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Phi Beta Cons

The Right take on higher education.

College Without Books



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Students in the Cal State University system will now be able to view their textbooks on their computers, iPads, or even phones. Thanks to a new partnership with five leading textbook publishers, students will be able to access these digital texts at a 65 percent discount.

As a recent college grad, I recall paying as much as $500 to acquire the books for a single class. While I prefer real books to digital ones, the cost savings might have been enough to make me choose digital texts had they been widely available then.

Personally, I spent too much time staring at computers in college, even without having to do all my reading online. I love the cost efficiencies of digital technology. But I hate the way we are now living so much of our lives tethered to mind-numbing computer screens.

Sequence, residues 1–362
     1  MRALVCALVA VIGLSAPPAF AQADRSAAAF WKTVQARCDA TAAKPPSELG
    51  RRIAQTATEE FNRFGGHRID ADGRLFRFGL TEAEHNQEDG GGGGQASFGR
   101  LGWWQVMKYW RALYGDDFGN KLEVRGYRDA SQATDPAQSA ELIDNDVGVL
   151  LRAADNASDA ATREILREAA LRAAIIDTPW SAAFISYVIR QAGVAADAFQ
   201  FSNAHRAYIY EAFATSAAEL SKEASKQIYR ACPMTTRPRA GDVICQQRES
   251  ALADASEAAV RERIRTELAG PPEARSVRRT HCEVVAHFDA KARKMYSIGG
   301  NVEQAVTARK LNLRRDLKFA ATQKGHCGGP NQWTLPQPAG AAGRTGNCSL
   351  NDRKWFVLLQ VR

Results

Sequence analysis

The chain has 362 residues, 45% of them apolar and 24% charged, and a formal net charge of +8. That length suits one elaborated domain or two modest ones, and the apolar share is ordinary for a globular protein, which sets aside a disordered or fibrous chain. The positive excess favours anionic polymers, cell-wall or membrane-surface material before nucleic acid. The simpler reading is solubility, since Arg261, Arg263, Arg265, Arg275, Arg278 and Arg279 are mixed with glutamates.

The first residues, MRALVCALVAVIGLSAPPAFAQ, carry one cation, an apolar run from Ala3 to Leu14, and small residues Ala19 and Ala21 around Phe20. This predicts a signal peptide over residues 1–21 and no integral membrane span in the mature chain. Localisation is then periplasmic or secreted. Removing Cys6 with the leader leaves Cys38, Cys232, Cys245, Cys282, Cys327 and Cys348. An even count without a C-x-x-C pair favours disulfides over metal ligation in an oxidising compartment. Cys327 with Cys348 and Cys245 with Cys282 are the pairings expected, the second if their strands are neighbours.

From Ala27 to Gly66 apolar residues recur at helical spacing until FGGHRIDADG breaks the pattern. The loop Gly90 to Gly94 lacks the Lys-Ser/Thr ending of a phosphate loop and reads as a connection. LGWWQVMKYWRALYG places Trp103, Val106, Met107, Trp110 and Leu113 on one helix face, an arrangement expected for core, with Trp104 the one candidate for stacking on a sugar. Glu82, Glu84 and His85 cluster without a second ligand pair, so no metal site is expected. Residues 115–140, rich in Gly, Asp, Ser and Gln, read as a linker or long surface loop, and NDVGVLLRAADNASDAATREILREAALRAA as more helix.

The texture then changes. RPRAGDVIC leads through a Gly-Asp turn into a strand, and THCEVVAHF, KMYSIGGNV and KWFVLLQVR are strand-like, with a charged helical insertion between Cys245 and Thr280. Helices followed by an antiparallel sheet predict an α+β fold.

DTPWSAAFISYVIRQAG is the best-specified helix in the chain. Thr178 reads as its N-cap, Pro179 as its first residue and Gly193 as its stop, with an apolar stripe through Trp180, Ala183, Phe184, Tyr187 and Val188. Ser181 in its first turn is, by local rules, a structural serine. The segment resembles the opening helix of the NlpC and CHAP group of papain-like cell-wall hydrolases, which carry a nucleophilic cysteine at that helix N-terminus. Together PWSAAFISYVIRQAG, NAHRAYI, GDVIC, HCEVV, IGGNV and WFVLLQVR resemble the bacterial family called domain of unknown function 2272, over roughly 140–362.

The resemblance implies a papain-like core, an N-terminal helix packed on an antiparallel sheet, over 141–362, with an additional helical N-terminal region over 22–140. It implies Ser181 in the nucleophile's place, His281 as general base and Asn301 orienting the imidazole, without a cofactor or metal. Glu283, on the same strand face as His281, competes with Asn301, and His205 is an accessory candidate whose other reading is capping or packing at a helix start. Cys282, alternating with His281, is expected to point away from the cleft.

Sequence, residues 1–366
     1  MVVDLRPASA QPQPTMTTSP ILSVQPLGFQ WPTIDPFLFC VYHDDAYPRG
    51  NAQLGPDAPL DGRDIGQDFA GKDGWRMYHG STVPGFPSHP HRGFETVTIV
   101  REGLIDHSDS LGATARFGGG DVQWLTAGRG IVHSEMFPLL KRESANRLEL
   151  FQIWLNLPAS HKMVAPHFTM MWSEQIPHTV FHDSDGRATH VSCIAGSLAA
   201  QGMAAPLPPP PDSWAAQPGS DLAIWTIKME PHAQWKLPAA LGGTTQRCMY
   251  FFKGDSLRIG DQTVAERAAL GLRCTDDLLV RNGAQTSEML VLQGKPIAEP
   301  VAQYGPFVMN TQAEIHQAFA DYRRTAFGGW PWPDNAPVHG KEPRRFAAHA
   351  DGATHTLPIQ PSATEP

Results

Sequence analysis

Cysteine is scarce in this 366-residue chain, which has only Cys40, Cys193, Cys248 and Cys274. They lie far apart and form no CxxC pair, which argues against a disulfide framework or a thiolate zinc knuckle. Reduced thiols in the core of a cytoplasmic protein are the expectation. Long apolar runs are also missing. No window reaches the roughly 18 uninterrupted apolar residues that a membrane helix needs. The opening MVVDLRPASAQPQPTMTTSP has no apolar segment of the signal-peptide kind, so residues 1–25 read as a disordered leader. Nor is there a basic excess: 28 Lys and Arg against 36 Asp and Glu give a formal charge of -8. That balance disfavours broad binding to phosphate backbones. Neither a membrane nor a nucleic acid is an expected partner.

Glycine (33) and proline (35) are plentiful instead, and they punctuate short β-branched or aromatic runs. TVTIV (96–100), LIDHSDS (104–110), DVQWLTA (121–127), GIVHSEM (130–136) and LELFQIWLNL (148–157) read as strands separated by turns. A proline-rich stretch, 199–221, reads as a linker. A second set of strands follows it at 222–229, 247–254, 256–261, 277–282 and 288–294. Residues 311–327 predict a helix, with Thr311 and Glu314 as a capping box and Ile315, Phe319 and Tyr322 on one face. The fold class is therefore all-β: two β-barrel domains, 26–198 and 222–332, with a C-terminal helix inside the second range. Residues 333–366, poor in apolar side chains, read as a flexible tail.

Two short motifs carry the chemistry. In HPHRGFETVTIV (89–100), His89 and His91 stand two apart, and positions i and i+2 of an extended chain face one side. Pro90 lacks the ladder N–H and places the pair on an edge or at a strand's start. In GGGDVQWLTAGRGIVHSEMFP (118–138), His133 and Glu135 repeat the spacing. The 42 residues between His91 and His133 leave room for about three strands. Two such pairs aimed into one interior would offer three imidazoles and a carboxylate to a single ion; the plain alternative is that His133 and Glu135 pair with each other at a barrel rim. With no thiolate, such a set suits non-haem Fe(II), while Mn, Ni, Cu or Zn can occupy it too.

In related news, I just learned that the wonderful four-story Barnes & Noble bookstore in my old neighborhood in Manhattan is closing its doors. This is where I used to go and while away hours browsing, picking up books, thumbing through them, and breathing in the aroma of new paper and ink. I’m not sure which is better: the crisp, green smell of a new book, or the musty, leathery smell of one from the back shelf of an old library.

Once I found an old book at Yale that had not been checked out in 30 years. You could still see the due date stamp on the back page, along with a record of each time it had been checked out — once or twice per decade — going back for a hundred years. Occasionally, I would hold such a book and think of the students from by-gone times, some long since deceased, who had studied and read the very book I had in my hand. The book was a physical inheritance, which I felt, somehow, they had left to me. They were gone; the book was still there.

I miss that feeling.



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